water,” Secretary-General Ban said. “When we protect and restore forested watersheds,
we can save on the cost of building new infrastructure for water purification.”30

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Infrastructure development that integrates nature and nature-based features
A large proportion of international resilience finance already flows to built infrastructure for water, transportation, coastal protection, and flood control.31 Interdisciplinary
research in recent years by engineers and ecologists has revealed that many of these
kinds of projects—which are designed to reduce the risk from climate-related hazards
such as flooding, erosion, storm surge, and sea-level rise—can incorporate ecosystem
restoration and the integration of nature-based features in ways that both reduce overall
project costs and generate diverse co-benefits via ecosystem services.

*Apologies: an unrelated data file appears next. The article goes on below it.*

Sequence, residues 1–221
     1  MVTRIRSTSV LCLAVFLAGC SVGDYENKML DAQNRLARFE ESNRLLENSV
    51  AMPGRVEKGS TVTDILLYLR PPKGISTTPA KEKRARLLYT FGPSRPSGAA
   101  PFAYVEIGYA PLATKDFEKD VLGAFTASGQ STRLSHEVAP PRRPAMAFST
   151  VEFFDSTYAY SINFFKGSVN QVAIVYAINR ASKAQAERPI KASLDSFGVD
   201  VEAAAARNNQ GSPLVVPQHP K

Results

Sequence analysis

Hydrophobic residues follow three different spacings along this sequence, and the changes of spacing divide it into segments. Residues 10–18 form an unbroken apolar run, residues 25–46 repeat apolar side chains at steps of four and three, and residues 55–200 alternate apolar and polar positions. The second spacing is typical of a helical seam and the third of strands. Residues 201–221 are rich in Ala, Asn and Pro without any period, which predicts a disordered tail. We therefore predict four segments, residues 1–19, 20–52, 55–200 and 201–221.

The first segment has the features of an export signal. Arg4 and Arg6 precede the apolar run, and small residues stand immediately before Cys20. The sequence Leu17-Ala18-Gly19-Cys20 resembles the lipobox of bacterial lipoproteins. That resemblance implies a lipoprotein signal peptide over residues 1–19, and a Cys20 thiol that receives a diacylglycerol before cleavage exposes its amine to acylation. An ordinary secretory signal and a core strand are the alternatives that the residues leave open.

In the aftermath of Hurricane Katrina, for example, a blue ribbon panel of hydrological engineers determined that despite being overtopped by floodwaters, levees in St.
Bernard Parish in southern Louisiana survived the deluge in part due to the buffering
effect of adjoining wetlands. In contrast, the panel found that similar levees devoid
of wetlands near the Mississippi River Gulf Outlet failed even before they were overtopped. As result, the panel identified healthy wetlands as important and complementary “lines of defense” in the design of effective flood control infrastructure systems.32 In
other words, these ecologically valuable habitats also prevented economic losses from